Killing and Dying is named one of Slate’s “10 Best Comics of 2015.” Jacob Brogan writes, “Tomine is a master of the unsaid. Nowhere is this truer than in the titular short story in this new collection, which unspools around the silence of cancer, a word we never hear and a condition from which there is no escape. Unapologetically raw, these always finely rendered—and often enormously moving—narratives find Tomine at the peak of his powers.”
It’s also on the Washington Post’s list of “Best Graphic Novels of 2015.” “The thematic whole, all rendered in his clean line and clear voice, is a movable feast for the senses,” writes Michael Cavna.
A.O. Scott (New York Times Book Review) is enthusiastic: “These tales — pocket epics of romantic, creative and social frustration set in recognizably drab, drably picturesque American landscapes — certainly invite comparison to the work of words-only short-form masters like Raymond Carver, Ann Beattie and Mary Gaitskill, and for that matter O. Henry himself. You can almost forget you’re looking at drawings.”
So is John McMurtrie (San Francisco Chronicle), who writes, “Tomine’s illustrated stories are as profound as any number of traditional short stories. The characters are hardly caricatures; their lives are messy, scattered with minefields, yet they’re trying not to give up hope. And their fates are left to our imagination.”
Greil Marcus, Real Life Rock and Three Songs, Three Singers, Three Nations
It’s been a big year for cultural historian and music critic Greil Marcus. His seminal 1975 Mystery Train: Images of America in Rock ’n’ Roll Music was reissued (he talked to Rob Sheffield at Rolling Stone about the updates in the sixth edition). And this fall saw publication of his Real Life Rock: The Complete Top Ten Columns, 1986–2014 and a third volume, based on his lectures at Harvard about “three commonplace, seemingly authorless songs as bedrock, founding documents of American identity”—Bob Dylan’s “Ballad of Hollis Brown,” Geeshie Wiley’s “Last Kind Words Blues,” and Bascom Lamar Lunsford’s “I Wish I Was a Mole in the Ground.” Catnip.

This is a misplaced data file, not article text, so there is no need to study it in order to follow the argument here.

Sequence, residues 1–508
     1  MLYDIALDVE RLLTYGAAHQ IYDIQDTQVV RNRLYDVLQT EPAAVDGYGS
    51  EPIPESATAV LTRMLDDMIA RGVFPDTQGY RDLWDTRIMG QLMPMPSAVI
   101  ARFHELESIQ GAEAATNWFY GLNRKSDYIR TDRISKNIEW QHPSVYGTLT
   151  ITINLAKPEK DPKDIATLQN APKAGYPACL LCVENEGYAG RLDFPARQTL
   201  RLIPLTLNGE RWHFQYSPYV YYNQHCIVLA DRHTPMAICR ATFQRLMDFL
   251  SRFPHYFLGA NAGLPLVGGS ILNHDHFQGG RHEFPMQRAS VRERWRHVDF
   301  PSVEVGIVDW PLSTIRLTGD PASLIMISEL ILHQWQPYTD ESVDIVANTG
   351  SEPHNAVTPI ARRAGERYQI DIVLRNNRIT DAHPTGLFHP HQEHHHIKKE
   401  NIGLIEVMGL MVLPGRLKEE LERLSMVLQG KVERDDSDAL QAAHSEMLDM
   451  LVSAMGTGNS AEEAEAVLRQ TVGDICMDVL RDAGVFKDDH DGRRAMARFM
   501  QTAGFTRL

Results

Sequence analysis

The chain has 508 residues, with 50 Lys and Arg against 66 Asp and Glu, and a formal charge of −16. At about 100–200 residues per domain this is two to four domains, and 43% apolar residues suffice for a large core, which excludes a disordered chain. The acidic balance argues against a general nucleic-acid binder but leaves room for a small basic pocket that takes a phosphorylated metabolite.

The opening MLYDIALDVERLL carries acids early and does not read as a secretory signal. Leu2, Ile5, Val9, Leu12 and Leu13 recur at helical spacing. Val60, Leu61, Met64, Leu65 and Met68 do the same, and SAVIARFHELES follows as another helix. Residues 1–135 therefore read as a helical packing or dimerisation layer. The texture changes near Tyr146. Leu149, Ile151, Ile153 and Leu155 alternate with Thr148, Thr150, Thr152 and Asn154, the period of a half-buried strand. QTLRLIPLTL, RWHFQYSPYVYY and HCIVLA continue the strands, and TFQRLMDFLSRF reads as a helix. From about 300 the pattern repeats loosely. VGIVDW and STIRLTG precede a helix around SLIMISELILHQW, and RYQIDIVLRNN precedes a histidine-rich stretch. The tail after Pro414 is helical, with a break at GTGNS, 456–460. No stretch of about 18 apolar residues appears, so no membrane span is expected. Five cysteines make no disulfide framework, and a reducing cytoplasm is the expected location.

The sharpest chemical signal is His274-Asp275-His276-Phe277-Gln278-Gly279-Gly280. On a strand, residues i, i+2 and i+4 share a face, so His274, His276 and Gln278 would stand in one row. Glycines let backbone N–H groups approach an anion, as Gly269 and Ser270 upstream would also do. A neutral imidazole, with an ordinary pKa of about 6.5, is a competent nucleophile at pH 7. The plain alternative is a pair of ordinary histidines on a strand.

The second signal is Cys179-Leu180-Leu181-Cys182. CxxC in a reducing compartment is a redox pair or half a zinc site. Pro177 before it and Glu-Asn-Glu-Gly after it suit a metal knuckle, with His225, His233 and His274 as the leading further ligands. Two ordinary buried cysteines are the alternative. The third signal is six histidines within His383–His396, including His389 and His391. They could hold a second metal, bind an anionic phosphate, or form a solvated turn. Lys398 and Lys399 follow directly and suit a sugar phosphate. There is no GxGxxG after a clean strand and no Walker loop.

“Three Songs, Three Singers, Three Nations is elegant and focused,” writes Robert Loss (Los Angeles Review of Books). “Real Life Rock sprawls and rejoices and bitches and moans depending on what’s happening in the world. And yet each book examines the commonplace as a subject and a way of being, as a language anyone might use and a way of listening that’s true to ordinary life and all its plainness, order, customs, and moments of the unexpected.”
Loss analyzes Marcus’s style—“devoid of the miserable cant of academe, politics, the corporate world, and the internet” and concludes, “But it’s the perspective that, in the end, matters more than the style — a point of view that’s eclectic but unafraid to make judgments, that exists outside the oppression of taste if not taste as such, that carves out a space between the social and the individual, the public and the private, an everyday space where the art of popular music is still possible, where art is the possible.”
David Cantwell (The New Yorker) calls Marcus’s “willingness to be fooled” his “critical super power.”
His signature move is to find himself propelled, by a song’s unexpected shift in tone, by the delivery of a line or maybe even just a word, or by some unexpected cultural resonance to a famous or obscure historical event, into a newly charged landscape where everything is at stake. His long, layered sentences propel us along with him and can leave us feeling swept up, too. Later, if we listen to the record Marcus was describing—something by the Mekons, say, one of his favorite bands, or by Bob Dylan or Randy Newman—we may decide his claims don’t entirely pay off, not always. But how could they? Perhaps the best criticism requires not only a willingness to be fooled but also a readership just as eager to be caught up in the critic’s enthusiasm. Tailing Marcus as he risks foolishness, as he picks his way through the confusions and eurekas of some previously secret trace, is always worthwhile, whether the path is discovered or merely imagined.
Peter Guralnick, Sam Phillips: The Man Who Invented Rock ‘n’ Roll
His long-time association with Phillips, who discovered Elvis, Johnny Cash, Jerry Lee Lewis, Carl Perkins and other music legends, underpins Guralnick’s book.
Guralnick’s biography finally gives us “lucid answers to the not inconsequential questions of how and why Sam Phillips led an ad hoc assemblage of unknown and untested poor young musicians to combine the sounds of blues and country music, harnessing a raw carnality to make what would become known as rock ’n’ roll,” writes David Hajdu (New York Times Book Review).
“This is a book written out of admiration and love,” Guralnick states frankly in an author’s note. As such, it honors Sam Phillips elegantly, by devoting itself to the one subject Phillips seemed to admire and love as much as he did music: Sam Phillips himself.
“Longtime music writer Guralnick writes long,” warns Curt Schleier (Minneapolis Star-Tribune) “He also likes jarring colloquialisms, suddenly addressing readers directly and using curse words. The author knew Phillips and worked with and interviewed him in the past. That firsthand knowledge results in a biography that — while occasionally exhausting in length — is almost always compelling and even revelatory to those who thought they knew it all.”